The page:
A pencil sold with sharpener will attract higher GST than a pencil sold alone since the sale of a pencil and sharpener together is ‘mixed supply’, the Gujarat AAR (GAAR) has held.

Businesses either supply goods or services alone, or bundle goods and/ or services. Bundled supplies are categorised into two – mixed and composite supply. While mixed supply refers to supply of two or more goods and/ or supplies together at a single price and each of them can be supplied separately, composite supply refers to supply of two or more goods or services or both, which are naturally bundled and supplied in conjunction with each other in the ordinary course of business, one of which is a principal supply.

The tax liability in case of mixed supply is fixed on the basis of goods or services that have the highest rate. In case of composite supply, one good or service is taken as a principal supply, the tax rate for which will apply to the entire supply.

Doms Industries, based in Umbergaon (Gujarat), submitted details of its three products. One, pencils along with sharpener and eraser; second, a colouring book, pencil, colour pencils, oil pastels, plastic crayons, wax crayons, eraser, scale and sharpener, and third pencils, erasers, scale and sharpener. In July last year, based on a GST Council recommendation, the Finance Ministry notified 18 per cent GST for sharpeners, and that changed the equation.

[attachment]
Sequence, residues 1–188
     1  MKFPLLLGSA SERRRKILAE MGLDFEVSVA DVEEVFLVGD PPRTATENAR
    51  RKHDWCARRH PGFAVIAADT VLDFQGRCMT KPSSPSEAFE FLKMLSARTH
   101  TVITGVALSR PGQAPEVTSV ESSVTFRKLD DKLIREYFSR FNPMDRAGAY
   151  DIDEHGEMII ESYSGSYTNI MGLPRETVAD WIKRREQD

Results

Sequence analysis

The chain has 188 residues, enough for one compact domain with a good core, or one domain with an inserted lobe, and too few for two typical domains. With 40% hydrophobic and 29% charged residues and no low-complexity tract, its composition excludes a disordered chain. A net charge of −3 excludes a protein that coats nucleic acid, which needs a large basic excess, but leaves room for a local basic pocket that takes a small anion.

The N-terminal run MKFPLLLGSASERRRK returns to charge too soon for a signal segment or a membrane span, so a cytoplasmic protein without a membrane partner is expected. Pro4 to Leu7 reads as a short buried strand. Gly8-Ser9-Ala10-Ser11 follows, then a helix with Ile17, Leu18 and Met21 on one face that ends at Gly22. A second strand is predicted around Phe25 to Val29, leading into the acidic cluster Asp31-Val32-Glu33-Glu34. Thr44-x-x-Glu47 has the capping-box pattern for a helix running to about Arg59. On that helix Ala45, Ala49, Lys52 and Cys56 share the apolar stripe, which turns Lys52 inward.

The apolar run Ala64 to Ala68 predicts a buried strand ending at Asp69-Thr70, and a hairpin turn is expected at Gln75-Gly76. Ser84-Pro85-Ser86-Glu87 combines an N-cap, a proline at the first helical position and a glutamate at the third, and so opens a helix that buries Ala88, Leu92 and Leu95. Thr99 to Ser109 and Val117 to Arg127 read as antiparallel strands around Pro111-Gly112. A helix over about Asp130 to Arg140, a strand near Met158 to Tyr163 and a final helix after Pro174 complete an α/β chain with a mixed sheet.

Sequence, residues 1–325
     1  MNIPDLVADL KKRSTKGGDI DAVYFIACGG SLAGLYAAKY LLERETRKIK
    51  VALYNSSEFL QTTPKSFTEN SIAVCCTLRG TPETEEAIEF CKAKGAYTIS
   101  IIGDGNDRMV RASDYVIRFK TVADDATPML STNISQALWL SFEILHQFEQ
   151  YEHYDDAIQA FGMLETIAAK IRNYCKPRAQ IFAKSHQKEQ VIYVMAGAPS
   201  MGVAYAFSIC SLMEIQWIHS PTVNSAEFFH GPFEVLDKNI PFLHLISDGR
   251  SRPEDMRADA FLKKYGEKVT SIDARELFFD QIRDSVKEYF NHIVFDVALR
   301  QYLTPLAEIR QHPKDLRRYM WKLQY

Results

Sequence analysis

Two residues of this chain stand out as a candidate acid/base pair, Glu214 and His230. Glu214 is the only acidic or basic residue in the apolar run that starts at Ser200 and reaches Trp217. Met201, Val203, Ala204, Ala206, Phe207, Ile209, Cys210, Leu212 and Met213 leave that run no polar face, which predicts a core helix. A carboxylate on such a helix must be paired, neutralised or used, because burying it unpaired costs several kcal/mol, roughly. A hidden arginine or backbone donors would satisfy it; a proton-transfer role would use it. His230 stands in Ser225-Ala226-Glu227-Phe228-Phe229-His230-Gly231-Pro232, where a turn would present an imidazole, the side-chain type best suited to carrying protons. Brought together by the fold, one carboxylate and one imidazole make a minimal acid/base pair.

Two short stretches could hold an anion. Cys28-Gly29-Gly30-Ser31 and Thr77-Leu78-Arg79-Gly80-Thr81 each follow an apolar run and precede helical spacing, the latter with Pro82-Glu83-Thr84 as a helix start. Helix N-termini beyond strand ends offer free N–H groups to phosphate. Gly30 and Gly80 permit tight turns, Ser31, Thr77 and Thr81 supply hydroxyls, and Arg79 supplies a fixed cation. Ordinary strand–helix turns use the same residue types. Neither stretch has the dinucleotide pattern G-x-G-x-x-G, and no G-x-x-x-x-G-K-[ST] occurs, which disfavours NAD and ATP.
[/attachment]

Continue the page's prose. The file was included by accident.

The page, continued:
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Accordingly, the company moved AAR to seek advance rulings on three questions. First, whether the supply of pencil sharpeners along with pencils, being the principal supply, will be considered “Composite Supply” or “Mixed Supply”. Second, the HSN code to be used. And third, whether the supply of a sharpener along with the kit having a nominal value will have an impact on the rate of tax. If yes, what will the rate of tax be and the HSN code to be used.

GAAR said each of the items in the products cannot be naturally bundled or supplied in conjunction with each other in the ordinary course of business. Also, each one can be sold independently. This means that the supply of pencils sharpeners along with pencils is covered under the category of ‘Mixed Supply’. Also, the supply of sharpeners along with the kit having a nominal value will have an impact on rate of tax, GAAR said.

Harpreet Singh, Partner with KPMG, says classification of supply as composite or mixed continues to be an item of perennial dispute between authorities and the industry. This is because there is no one-size-fits-all logic/ principle that can be applied. Generally, pencils are sold along with sharpener, and hence the view that the same is a composite supply. Alternatively, can a pencil be sold without a sharpener or vice-versa, the answer is affirmative and hence the alternative view that both are not naturally bundled. “Determining the value of constituents, industry practice, intention of parties, invoicing methodology, would always involve subjectivity, leading to varied interpretations and resultant disputes,” he said.

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